Now, there is a carrot-topped femme fatale in the story, she does use drugs, and there is a guy who is hooked by her charms. But the truth is that she is only one of about eight main characters in the saga, and the leading man’s attachment to her is only one element of the plot, no more central than the several other subplots that drive the tale. So the main story is really not one of a trouble-making babe who lures a hapless fella into her web of mayhem, as the cover suggests. But who cares? The cover rocks.

[Sex has always been the best seller...]

Thu
Jul 31 2014 12:45pm

Somewhere Between French and American: Shoot the Piano Player (1960)

We know about the appreciation of, and contributions to, noir film and fiction by the French. We know that they celebrated the likes of Jim Thompson when the now-revered American noir author was kicked to the curb in his home country. And in 1960 another striking example of U.S. noir being recognized by the French occurred when rising star French film director Francois Truffaut used a novel by American David Goodis as the basis of his second film. Truffaut had come across Goodis’s bleak 1956 title Down There along the way, was enthralled by it, and had one of his legal reps buy the movie rights. Then, after dazzling the movie-watching universe with his groundbreaking debut, 1959’s French New Wave classic The 400 Blows, Truffaut wanted his next film to be something less blatantly French and something that showed the influence American cinema had on him. Cue Shoot the Piano Player and Goodis’s downbeat tale of a once-famous musician, who is now playing tacky fare in a rank-and-file bar, was the perfect vehicle through which the director could put these desires into effect.

[First, we move from Philly to Paris...]

Thu
Jul 24 2014 11:00am

Erotic, Gothic, Belgian Vampires: Daughters of Darkness (1971)

Atmosphere is such an important aspect of movies. I’ve never attempted to make a film, so I can’t intelligently discuss the techniques involved in pulling off this vital part of the endeavor, but I know quality cinematic atmosphere when it crosses my path. If someone asked me to explain what I mean by this facet of movies, I might either try to describe it verbally, or I might just sit them down and have them watch the 1971 erotic/gothic vampire film Daughters of Darkness.

The spellbinding atmosphere in the movie is there from the opening scene and is strong enough to keep a hold over a bewitched viewer throughout the duration of the story. It’s there in the mesmerizing speaking voice of Delphine Seyrig, who plays an ageless and exotic Hungarian countess who also happens to be a lesbian vampire who feeds off the blood of young girls. The mood is present in the striking physical beauty of Valerie (played by Danielle Ouimet), a young Swiss woman who is unlucky enough to, while on her honeymoon, wind up staying at the same hotel where the Countess decides to stop. It’s in the stormy soul of Stefan (John Karlen), Valerie’s new husband, a blue-blooded Englishman who’s a nice enough guy most of the time but who is prone to sudden and inexplicable violent outbursts and who is drawn to the Countess in a love/hate sort of way. And the atmosphere exists in the personality and look of Ilona, the Countess’s personal secretary and co-drinker of young female blood: Ilona is a moody/sexy Goth girl who is constantly both on the brink of suicidal despair yet ready to seduce somebody.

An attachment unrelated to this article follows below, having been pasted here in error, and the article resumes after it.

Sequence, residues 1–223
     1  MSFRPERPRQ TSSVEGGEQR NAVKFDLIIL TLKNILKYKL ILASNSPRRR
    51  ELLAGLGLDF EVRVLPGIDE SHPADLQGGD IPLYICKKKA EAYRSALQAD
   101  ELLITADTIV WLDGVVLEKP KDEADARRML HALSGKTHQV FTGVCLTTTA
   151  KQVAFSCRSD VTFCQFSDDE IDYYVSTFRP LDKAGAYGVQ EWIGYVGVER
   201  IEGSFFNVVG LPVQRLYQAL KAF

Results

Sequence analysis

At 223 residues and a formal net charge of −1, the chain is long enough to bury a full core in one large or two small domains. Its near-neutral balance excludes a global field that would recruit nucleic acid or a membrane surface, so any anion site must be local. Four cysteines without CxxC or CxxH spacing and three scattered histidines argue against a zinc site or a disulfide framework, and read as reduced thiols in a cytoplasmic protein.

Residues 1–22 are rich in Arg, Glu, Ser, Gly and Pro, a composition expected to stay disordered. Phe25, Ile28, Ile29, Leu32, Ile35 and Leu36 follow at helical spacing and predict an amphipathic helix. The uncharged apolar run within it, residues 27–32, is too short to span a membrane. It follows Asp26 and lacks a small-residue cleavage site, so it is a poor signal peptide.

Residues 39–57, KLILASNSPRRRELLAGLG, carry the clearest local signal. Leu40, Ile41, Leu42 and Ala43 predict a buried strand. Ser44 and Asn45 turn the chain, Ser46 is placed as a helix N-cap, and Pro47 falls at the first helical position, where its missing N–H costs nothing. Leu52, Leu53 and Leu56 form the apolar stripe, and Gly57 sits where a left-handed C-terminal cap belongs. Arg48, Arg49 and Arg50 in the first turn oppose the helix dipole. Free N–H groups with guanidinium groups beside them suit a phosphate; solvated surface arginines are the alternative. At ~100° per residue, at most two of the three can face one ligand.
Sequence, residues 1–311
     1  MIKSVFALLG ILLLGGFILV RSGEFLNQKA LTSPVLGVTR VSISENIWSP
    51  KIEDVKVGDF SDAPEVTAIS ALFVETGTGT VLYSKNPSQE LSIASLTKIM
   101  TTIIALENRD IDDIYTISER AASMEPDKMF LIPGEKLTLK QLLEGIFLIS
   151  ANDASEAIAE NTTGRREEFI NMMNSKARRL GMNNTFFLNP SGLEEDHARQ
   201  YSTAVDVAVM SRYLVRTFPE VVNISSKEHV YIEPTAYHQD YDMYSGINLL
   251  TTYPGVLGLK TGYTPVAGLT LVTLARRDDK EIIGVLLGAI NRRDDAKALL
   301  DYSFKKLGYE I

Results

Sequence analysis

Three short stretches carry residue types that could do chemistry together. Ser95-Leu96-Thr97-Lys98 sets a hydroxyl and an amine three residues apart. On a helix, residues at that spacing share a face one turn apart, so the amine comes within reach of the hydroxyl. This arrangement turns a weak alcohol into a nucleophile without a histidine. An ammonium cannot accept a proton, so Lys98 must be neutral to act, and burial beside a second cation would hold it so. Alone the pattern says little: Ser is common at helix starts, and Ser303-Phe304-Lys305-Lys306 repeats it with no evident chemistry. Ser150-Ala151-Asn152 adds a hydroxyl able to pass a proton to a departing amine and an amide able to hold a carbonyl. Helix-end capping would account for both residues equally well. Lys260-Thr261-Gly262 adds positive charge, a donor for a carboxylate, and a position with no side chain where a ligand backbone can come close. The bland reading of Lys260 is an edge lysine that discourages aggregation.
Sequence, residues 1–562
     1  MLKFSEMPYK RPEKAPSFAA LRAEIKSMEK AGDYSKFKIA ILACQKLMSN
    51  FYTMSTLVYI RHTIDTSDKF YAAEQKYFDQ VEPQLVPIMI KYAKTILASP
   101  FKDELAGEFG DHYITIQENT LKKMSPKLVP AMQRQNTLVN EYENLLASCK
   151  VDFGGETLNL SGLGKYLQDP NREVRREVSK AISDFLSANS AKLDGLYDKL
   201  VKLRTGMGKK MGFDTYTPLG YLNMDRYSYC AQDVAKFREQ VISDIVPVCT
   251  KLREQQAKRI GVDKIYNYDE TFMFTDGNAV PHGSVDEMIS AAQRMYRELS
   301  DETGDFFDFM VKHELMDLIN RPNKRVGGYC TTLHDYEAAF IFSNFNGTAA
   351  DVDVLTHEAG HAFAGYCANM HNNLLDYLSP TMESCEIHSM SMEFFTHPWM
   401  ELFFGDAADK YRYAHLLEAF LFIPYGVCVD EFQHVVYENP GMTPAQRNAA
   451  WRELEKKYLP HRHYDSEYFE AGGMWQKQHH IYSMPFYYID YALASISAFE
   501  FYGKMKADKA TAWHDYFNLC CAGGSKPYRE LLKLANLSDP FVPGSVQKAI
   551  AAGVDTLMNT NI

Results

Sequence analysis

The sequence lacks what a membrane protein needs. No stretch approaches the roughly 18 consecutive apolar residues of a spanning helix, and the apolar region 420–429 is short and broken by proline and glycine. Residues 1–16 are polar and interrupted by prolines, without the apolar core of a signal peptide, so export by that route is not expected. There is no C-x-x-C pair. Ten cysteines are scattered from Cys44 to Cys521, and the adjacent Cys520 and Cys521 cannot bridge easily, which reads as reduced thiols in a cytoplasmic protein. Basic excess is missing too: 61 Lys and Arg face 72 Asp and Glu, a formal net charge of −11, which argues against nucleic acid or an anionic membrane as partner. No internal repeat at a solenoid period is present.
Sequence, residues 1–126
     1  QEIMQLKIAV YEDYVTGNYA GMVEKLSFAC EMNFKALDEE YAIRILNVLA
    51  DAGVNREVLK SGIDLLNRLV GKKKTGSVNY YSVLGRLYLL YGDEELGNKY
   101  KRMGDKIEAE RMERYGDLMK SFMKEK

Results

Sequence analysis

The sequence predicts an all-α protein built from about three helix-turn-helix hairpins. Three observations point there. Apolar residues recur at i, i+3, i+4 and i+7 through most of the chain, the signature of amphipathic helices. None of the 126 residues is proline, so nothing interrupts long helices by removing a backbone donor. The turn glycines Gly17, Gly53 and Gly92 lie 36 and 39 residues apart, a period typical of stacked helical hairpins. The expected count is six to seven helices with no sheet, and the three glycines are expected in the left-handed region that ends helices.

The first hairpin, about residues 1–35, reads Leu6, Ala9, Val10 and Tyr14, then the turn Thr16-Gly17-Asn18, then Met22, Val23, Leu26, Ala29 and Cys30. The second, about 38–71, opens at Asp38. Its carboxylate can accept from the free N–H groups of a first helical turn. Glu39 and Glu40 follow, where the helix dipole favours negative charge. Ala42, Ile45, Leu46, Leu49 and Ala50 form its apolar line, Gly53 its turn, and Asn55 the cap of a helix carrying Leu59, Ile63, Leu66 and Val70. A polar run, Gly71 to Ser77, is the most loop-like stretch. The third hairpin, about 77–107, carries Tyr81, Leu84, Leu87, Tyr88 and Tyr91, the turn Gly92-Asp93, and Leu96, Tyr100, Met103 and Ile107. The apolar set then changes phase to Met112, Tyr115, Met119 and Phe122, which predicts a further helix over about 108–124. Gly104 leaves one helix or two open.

[Watch out!]

Wed
Jul 16 2014 2:00pm

Ringin’ Around the Rosie with Mumsy, Nanny, Sonny, and Girly (1969)

I’m part of a group of friends who have been dazzling one another with movies for decades now. We’re all cinephiles and we have similar tastes in films, yet each of us has our own individual slant on flicks. We like to get together and watch movies, each of us taking turns at being the one to pick the titles. When you make a selection for viewing among this group, you’re of course hoping to show the others movies they haven’t yet seen. Beyond that, you just want your choices to be films that will be enjoyable and memorable. Sometimes you go for cinematic fare that’s just straight-up good, sometimes you shoot for weird and good, other times your aim is at so-bad-it’s-good camp. Just give them something that will engage them on some level during the watching and give all of us things to talk about after, and you’ve scored a winner.

I think I can say I have a fairly high success rate in picking films that work for this group. But there has been the occasional misstep. I once cleared a room with a showing of a moody early Wim Wenders title, and another time left everyone feeling deranged after presenting the bent 1973 drama The Baby. Another “mistake” on my part was when I offered the group Girly aka Mumsy, Nanny, Sonny, and Girly (it went under the longer title upon its 1969 theatrical release and was shortened to the one-word name for the 2010 DVD issue – I’m going to use the shorter title from here on in). The problem was timing and setting.  This was during a beach vacation and maybe that isn’t the most ideal backdrop for a viewing of a twisted British horror/dark comedy film. But our annual beach weeks are generally the only time all of us are together these days, I had just recently happened on to Girly and was knocked out by it, and I couldn’t wait for my friends to see it. And it’s not like the idea of me championing weird movies was a new idea to this set of people.

[That should tell you how weird this one is...]

Wed
Jul 9 2014 12:00pm